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Decrease of free radical concentrations in humans following consumption of a high antioxidant capacity natural product.

Nemzer B, Chang T, Xie Z, Pietrzkowski Z, Reyes T, Ou B - Food Sci Nutr (2014)

Bottom Line: Dihydrorhodamine-6G (DHR6G) is indiscriminate to the various free radicals found in humans, and therefore can be useful in quantifying total ROS in vivo.This method is both reliable and efficient for evaluating the efficacy of antioxidants against ROS in vivo.Our data indicate that eleven participants responded to the intake of Spectra™ by significant decreases of ROS concentrations.

View Article: PubMed Central - PubMed

Affiliation: VDF FutureCeuticals 2692 N State Rt. 1-17, Momence, Illinois, 60954 ; University of Illinois at Urbana-Champaign 1201 W. Gregory Dr, Urbana, Illinois, 61801.

ABSTRACT
ORAC and other in vitro methods have to date proved useful in measuring antioxidant potential in foods. In order to better understand the potential relationship between diet and free radical production/mitigation, an in vivo analytic method can provide new insight into directly measuring reactive oxidant species (ROS). Dihydrorhodamine-6G (DHR6G) is indiscriminate to the various free radicals found in humans, and therefore can be useful in quantifying total ROS in vivo. Our aim was to investigate whether the total ROS in human subjects can be quantified using DHR6G after intake of a blend of antioxidants-rich fruit and vegetable-based materials. Twelve participants were given 100 mg of a proprietary blend of fruit, vegetable, and herb powders and concentrates commercially marketed under the trade name "Spectra™". Blood samples were collected at 0, 60, 120 and 180 min and were subsequently tested for ROS in serum using DHR6G as a fluorescent probe. By quantifying this fluorescence, we were able to measure ROS concentrations in human blood. This method is both reliable and efficient for evaluating the efficacy of antioxidants against ROS in vivo. Our data indicate that eleven participants responded to the intake of Spectra™ by significant decreases of ROS concentrations.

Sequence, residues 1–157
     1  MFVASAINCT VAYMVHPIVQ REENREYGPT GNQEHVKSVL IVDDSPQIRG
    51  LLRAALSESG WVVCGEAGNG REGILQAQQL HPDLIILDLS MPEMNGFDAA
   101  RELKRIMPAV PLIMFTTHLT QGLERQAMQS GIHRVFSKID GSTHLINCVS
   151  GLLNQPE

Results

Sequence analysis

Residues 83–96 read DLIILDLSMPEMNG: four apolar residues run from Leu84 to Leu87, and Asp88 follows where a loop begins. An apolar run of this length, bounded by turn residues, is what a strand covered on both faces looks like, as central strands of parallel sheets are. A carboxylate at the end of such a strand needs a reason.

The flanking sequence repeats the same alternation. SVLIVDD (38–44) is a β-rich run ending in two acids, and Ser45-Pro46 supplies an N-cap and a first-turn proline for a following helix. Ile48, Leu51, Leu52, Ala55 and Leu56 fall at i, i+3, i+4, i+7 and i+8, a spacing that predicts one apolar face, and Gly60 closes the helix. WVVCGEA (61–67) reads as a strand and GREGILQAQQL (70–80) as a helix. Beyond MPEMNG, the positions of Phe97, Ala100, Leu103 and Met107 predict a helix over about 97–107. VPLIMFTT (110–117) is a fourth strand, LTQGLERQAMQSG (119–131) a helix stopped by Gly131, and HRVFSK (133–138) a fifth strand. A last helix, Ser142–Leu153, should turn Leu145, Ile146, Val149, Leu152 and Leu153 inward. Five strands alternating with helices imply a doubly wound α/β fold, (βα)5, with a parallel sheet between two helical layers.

No MeSH data available.


Related in: MedlinePlus

The changes in fluorescence intensity show that oxidation of DHR6G was significantly inhibited after intake of 100 mg Spectra (at 0 min). DHR6G, dihydrorhodamine-6G.
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fig01: The changes in fluorescence intensity show that oxidation of DHR6G was significantly inhibited after intake of 100 mg Spectra (at 0 min). DHR6G, dihydrorhodamine-6G.

Mentions: Originally, DHR6G was used in our previous study to detect and quantify smoke oxidants (Ou and Huang 2006). Through modification in the current study, DHR6G was able to be oxidized to rhodamine 6G during the course of incubation with the serum extract. Figure1 shows the measure of fluorescence intensity over the specified time period. It was observed that after 60 min of administration of 100 mg Spectra™, the rate of fluorescence intensity was significantly inhibited. This evidence suggests that Spectra™ was bioavailable in vivo and that the absorbed antioxidants neutralized endogenous free radicals.